Red whiskered bulbuls feed on fruits, flower nectars and insects.

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Breakfast. Exif:  f/6.3     exposure-1/500sec   ISO-500  @600mm

This active species resides in lightly wooded areas, open forest, gardens, orchards, bushes around villages and cultivation. This particular bulbul is known to be a famous cage bird ( ūüė• ) in south east Asia, once in India too ,but thankfully not any more.

[ My personal view : I don’t support caging of birds as they belong to wild and had been created by nature in such a way that they can adjust with the wildness of their habitat. Human interference only disturbs them. ]

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Exif:  f/6.3     exposure-1/800sec   ISO-320  @361mm

They breed once or twice in a year. Season includes december to may in southern India and march to october in northern India. Males usually bow their head, spread the tail and droop their wings as courtship display.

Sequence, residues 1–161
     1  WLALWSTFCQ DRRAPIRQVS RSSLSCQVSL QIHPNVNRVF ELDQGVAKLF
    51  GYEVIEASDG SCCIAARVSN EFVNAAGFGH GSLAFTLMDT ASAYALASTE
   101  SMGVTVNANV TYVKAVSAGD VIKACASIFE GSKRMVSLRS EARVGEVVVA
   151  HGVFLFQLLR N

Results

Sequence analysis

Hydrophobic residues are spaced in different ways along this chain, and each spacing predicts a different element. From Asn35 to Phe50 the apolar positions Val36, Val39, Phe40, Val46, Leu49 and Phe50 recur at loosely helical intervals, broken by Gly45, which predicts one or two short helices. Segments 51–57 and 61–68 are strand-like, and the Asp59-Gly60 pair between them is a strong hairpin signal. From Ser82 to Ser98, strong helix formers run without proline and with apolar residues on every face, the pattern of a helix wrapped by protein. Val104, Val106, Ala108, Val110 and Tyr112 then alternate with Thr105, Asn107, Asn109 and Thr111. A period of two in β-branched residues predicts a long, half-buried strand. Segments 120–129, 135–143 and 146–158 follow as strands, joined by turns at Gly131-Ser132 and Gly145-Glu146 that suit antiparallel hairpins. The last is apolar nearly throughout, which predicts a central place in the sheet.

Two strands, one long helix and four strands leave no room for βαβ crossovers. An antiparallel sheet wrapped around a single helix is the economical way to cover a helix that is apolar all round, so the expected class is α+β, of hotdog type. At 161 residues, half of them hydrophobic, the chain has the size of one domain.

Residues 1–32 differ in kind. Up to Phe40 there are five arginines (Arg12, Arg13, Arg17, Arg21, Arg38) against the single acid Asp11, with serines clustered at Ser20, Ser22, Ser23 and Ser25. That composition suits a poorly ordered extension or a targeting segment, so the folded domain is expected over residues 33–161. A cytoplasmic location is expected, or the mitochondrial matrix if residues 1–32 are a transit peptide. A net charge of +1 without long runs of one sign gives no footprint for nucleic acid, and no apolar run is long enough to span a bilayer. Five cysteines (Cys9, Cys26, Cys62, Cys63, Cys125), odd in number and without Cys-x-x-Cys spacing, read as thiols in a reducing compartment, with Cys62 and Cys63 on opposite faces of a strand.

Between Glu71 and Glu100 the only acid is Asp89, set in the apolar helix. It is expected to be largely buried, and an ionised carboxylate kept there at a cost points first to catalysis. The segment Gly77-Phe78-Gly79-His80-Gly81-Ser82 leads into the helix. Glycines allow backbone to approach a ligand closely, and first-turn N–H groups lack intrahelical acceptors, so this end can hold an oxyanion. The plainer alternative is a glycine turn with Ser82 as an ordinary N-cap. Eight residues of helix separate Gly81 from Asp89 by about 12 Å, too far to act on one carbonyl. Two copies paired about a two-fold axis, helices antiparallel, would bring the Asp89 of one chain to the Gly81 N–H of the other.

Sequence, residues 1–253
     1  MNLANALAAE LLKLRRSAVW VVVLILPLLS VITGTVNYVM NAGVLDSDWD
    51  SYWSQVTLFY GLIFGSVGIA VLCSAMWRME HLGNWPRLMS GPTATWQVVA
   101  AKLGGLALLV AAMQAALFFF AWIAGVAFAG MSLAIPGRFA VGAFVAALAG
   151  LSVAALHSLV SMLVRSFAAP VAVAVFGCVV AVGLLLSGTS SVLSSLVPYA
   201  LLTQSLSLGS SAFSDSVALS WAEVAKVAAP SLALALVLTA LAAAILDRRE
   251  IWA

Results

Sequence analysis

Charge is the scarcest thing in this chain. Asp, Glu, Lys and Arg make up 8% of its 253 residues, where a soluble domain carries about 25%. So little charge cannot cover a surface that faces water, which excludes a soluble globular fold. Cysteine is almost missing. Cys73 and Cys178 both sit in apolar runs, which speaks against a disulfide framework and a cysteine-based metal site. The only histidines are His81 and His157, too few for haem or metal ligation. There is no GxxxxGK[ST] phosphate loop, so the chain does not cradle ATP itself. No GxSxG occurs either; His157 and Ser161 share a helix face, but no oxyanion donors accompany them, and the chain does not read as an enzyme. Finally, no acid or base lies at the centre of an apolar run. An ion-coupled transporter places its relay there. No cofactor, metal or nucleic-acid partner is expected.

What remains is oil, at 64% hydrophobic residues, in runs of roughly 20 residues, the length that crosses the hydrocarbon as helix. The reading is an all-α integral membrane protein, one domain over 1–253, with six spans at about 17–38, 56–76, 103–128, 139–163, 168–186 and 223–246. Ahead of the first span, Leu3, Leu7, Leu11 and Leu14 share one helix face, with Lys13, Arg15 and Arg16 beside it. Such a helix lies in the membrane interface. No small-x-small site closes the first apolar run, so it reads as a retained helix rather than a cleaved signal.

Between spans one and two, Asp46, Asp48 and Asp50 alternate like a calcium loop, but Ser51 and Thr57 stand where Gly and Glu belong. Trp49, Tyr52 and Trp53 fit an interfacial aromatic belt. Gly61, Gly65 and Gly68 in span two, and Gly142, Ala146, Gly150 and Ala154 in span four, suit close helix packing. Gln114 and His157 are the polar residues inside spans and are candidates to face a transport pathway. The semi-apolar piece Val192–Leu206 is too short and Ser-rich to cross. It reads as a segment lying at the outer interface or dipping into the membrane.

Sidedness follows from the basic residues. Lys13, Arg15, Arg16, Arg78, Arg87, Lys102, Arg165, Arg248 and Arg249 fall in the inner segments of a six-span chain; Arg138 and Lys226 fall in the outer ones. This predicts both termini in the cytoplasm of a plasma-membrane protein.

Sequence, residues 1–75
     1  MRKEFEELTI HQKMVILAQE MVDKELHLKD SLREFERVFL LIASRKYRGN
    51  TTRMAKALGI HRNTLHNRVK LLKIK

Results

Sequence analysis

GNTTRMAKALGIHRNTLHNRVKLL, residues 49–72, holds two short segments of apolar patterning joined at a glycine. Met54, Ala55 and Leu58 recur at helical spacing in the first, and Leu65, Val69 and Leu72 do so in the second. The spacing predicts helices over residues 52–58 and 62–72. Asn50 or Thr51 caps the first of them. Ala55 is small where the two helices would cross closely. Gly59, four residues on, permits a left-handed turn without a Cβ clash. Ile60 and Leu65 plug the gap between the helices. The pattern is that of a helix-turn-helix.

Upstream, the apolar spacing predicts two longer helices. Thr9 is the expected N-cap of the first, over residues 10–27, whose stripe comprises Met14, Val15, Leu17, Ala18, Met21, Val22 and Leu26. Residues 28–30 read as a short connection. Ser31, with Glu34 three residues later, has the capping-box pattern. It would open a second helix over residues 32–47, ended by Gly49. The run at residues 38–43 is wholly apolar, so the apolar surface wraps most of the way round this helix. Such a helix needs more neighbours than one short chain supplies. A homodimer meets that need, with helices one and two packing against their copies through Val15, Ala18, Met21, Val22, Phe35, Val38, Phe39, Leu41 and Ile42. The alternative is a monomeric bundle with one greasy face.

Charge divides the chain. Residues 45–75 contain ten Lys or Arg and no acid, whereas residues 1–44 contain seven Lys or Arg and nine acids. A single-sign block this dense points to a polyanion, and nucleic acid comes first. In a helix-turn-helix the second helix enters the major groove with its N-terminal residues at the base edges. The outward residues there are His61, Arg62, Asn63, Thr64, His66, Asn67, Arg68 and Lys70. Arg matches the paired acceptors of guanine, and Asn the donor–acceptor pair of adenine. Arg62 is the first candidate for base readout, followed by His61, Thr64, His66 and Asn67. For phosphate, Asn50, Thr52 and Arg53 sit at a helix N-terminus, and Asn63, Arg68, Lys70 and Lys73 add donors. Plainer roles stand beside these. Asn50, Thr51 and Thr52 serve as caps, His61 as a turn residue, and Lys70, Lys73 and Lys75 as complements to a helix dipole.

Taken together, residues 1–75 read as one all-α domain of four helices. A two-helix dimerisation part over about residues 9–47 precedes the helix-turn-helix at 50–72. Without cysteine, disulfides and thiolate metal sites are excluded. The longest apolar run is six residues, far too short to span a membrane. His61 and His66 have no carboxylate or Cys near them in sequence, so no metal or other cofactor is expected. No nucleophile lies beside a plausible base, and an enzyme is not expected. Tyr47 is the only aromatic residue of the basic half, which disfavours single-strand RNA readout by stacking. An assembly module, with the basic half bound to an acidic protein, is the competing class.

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Exif:  f/6.3     exposure-1/200sec   ISO-100  @600mm

I often get chance to photograph these little beauties and I call them my friends/sisters as I see them having their breakfast and singing. My husband has started calling me ‘bulbul ‘ so you may understand the relationship between bulbuls and I ūüėÄ

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Exif:  f/6.3     exposure-1/500sec   ISO-500  @600mm

While they fly, they display their white under parts and shades of brown and white through their wings. Currently they are my alarm clock. I love to wake up with their songs ūüôā

 

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Exif:  f/6.3     exposure-1/320sec   ISO-500  @600mm

My gear- CANON + SIGMA

Location-Goa,India

So this is it for today’s birding session nature loving people. I hope you have gained some knowledge as I did while documenting all about Red Whiskered bulbul. I will see you all on next birding session. Till then happy birding. Be blessed.

Much Love,

Riya